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Mol Ther. 2008 Jul;16(7):1276-82. doi: 10.1038/mt.2008.86. Epub 2008 May 6.

Modification of adenoviral vectors with polyethylene glycol modulates in vivo tissue tropism and gene expression.

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Department of Molecular and Human Genetics, Baylor College of Medicine, Houston, Texas, USA.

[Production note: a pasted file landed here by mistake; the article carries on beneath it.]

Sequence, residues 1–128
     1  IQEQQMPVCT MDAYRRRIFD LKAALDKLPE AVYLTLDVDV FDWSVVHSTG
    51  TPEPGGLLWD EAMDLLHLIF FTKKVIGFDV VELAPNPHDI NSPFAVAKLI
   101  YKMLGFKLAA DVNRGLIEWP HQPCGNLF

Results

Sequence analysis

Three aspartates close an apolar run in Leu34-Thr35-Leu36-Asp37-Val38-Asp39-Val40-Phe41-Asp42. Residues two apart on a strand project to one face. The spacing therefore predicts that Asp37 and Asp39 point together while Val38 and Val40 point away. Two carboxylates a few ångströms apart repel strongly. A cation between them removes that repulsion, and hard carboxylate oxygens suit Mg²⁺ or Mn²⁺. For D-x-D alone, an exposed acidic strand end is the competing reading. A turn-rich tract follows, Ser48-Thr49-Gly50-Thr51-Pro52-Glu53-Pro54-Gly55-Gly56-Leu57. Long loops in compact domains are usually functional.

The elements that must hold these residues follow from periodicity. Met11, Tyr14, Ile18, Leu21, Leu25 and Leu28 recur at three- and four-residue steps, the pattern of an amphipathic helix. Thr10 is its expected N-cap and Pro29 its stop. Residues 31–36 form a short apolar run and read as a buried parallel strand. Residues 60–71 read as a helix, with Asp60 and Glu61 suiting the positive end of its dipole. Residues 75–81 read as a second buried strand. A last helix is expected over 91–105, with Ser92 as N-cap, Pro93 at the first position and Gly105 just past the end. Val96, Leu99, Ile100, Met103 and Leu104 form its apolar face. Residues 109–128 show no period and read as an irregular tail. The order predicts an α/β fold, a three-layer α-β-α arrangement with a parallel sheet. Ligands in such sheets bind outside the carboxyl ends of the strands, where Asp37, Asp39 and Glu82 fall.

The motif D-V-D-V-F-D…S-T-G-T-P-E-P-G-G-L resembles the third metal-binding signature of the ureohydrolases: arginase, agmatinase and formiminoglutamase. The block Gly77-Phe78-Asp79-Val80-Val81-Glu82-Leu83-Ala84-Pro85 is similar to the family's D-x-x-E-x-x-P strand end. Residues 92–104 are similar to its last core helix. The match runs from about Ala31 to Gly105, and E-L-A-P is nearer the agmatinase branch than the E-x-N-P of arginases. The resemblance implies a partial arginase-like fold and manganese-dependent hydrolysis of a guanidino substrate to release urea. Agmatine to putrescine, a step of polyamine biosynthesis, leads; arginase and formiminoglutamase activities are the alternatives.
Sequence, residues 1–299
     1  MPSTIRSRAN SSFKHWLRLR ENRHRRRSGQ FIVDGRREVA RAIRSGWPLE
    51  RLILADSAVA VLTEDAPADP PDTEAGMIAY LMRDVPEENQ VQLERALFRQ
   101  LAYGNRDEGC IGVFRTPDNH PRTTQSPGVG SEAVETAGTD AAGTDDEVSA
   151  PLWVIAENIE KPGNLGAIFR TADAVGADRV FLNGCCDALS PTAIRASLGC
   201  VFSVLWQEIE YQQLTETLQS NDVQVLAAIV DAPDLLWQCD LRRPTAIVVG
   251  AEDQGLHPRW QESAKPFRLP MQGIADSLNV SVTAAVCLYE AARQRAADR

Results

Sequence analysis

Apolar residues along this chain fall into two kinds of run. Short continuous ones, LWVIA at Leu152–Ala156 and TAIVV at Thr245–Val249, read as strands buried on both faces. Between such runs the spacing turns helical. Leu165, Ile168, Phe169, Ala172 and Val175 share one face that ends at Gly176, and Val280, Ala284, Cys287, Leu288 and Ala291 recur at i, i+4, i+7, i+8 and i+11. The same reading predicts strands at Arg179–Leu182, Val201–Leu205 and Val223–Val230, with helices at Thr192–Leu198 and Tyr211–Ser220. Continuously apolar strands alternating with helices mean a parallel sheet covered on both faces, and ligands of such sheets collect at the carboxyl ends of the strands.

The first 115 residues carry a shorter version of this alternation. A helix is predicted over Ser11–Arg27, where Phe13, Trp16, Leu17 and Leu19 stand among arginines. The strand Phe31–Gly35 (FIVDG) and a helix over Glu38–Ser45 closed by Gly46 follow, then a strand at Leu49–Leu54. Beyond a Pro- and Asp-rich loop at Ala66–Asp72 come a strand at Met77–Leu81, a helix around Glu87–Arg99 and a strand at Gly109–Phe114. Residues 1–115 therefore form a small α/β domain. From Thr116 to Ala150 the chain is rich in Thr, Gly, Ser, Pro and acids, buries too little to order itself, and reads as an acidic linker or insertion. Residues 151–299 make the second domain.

Polyethylene glycol (PEG) is a hydrophilic polymer that has been used to coat adenoviral (Ad) vectors to improve their pharmacology. To analyze the effects of PEG on Ad5 tropism, Ad5 was covalently modified with different sizes of PEG and in vitro and in vivo transduction was analyzed. All tested PEGs ablated in vitro transduction. When protein C (PC) and factors VII, IX, and X were added, only factors IX and X increased transduction by the PEGylated vectors with the largest effect by X. Inactivation of these factors with warfarin drastically reduced liver transduction in mice by the PEGylated vectors after intravenous (i.v.) injection. Ad5 conjugated with 5 kd PEG maintained normal liver transduction while conjugation with larger 20 and 35 kd PEGs significantly reduced liver transduction. When intraperitoneal (i.p.) injection was tested, Ad transduced the peritoneum efficiently with only low level liver transduction. When Ad5 was modified with 5 kd PEG, peritoneal transduction was reduced and the virus preferentially transduced the liver. These data demonstrate the effects of different sizes of PEG on in vivo Ad tropism and suggest that this approach may be useful in retargeting and detargeting Ad in vivo.

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